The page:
"[M]any parents and educators... assume that personalized learning is somehow less rigorous or more “loosey-goosey” than the traditional classroom model. While it’s true that PL is a learner-centric approach, it also requires (and teaches) a huge amount of self-knowledge, discipline and accountability."
Personalized learning reimagines the classroom by allowing each learner to pursue an individualized path to education that acknowledges their natural interests, leverages their existing strengths and navigates their weaknesses. However, when many parents and educators hear that definition, they assume that personalized learning is somehow less rigorous or more “loosey-goosey” than the traditional classroom model. While it’s true that PL is a learner-centric approach, it also requires (and teaches) a huge amount of self-knowledge, discipline and accountability.
Personalized learning can challenge students more effectively than any other approach because it requires them to learn not just facts and skills but also the strategies, media and venues that help them learn best. The journey to gaining knowledge and getting better at navigating the world is truly a journey within the self, and personalized learning recognizes that.
Students in a PL classroom don’t just jump into “doing whatever they want” like so many teachers and parents fear. Instead, they spend weeks early in the school year building an understanding of themselves, how they function as a learner and citizen and what knowledge and skills are most important for them to develop in the coming school year or class. These reflective strategies help students understand themselves better and build comfort with self-assessing their progress as learners and community members, while building a metacognitive toolkit to ensure they thrive in the adult world.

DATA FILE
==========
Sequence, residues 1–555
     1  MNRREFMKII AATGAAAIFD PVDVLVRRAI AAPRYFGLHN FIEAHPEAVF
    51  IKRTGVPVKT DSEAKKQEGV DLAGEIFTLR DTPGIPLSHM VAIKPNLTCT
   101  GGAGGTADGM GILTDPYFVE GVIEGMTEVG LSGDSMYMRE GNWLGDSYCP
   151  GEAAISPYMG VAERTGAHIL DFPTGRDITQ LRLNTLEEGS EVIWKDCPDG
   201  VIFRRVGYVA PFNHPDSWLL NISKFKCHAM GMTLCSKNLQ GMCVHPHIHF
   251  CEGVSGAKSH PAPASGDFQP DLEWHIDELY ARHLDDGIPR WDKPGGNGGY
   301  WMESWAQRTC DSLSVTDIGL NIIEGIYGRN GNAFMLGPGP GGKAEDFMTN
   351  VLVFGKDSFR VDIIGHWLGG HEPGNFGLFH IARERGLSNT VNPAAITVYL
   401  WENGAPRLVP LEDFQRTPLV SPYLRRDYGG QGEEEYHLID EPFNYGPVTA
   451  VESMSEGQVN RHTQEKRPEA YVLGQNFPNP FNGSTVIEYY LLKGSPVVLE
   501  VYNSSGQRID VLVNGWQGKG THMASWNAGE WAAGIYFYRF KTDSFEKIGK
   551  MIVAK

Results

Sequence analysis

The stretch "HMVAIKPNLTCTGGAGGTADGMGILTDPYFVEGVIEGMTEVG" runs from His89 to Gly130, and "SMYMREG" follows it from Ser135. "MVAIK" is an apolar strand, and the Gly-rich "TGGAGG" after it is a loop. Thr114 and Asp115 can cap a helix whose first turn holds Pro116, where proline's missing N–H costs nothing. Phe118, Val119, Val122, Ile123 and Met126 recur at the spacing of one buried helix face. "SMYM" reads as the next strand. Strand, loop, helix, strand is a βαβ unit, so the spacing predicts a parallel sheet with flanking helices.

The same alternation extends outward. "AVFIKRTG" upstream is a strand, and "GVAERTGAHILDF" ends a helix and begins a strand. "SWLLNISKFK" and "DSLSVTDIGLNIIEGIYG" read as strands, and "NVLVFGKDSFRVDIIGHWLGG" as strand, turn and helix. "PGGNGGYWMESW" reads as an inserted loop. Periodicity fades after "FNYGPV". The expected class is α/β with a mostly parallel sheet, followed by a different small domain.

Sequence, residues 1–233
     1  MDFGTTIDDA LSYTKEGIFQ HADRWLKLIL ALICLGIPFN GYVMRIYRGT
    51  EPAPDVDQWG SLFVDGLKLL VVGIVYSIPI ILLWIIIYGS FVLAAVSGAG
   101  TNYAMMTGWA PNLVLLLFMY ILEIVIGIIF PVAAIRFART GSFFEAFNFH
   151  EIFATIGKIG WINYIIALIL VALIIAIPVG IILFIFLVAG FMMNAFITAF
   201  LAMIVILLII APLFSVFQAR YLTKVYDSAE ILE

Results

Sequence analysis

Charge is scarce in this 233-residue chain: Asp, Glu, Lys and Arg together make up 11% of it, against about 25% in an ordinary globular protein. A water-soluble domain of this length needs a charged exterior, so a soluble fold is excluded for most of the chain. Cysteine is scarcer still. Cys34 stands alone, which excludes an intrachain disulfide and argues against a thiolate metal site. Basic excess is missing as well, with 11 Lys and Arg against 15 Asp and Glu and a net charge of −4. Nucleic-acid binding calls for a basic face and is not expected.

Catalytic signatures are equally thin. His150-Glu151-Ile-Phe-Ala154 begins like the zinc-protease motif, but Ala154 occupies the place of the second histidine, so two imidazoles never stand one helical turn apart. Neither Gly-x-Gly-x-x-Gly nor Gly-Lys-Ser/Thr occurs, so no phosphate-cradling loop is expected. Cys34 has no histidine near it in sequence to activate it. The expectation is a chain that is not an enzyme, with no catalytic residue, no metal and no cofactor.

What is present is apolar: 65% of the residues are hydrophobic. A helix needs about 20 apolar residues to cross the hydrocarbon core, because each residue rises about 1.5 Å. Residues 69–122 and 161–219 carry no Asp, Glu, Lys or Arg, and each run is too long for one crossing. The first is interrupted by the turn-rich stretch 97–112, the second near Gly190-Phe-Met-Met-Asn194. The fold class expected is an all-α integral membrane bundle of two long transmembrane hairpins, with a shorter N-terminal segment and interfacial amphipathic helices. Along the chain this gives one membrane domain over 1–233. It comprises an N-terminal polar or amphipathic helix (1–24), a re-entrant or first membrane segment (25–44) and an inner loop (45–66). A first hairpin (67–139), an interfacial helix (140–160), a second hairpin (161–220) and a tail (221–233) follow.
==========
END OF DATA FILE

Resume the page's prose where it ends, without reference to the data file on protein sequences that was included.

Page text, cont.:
Personalized learning encourages classroom teachers to cede some of their daily power as the center of the classroom to transition into a coaching/support role for each individual learner instead. That means learners have more self-directed time each day. Under the traditional model, it’s easy for teachers to stress about these long, unstructured sessions, but once students have been introduced to the culture and success of personalized learning, they will quickly transition into using their time much better.
By putting students in the driver’s seat when it comes to learning new skills or information and demonstrating knowledge thereof, educators can effectively remove the stimuli that were causing students to tune out and disengage from school (teacher-centered lessons, low-agency assignments, didactic assessments). When students feel that they and their unique perspectives are truly seen, heard and valued in the classroom, they’ll do self-directed work that blows the doors off anything they could have created in a teacher-led environment.
In the traditional classroom, teachers have all the responsibility when it comes to accountability: they must create all the assessments, score them and report those grades to the school, district and state. Personalized learning, on the other hand, rethinks assessment to both challenge students with more responsibility and support them with increased agency. Under the PL model, it is the responsibility of each learner to demonstrate their learning, which means using an open-ended framework to create products, projects and real work in the community that reflect the knowledge and skills they have gained.
PL doesn’t simply allow students to create fun projects and be done with the learning process, however. The personalized approach requires students to reflect deeply on their learning process and explain not just what they learned but how they accessed it, how they demonstrated it in their assessment and how they will make that new knowledge and those new skills part of their lives moving forward. In this way, personalized learning provides a much more authentic, useful assessment model. Instead of putting all the responsibility on teachers to prove that students are learning, PL puts the onus on learners to demonstrate how they’re growing and improving in school.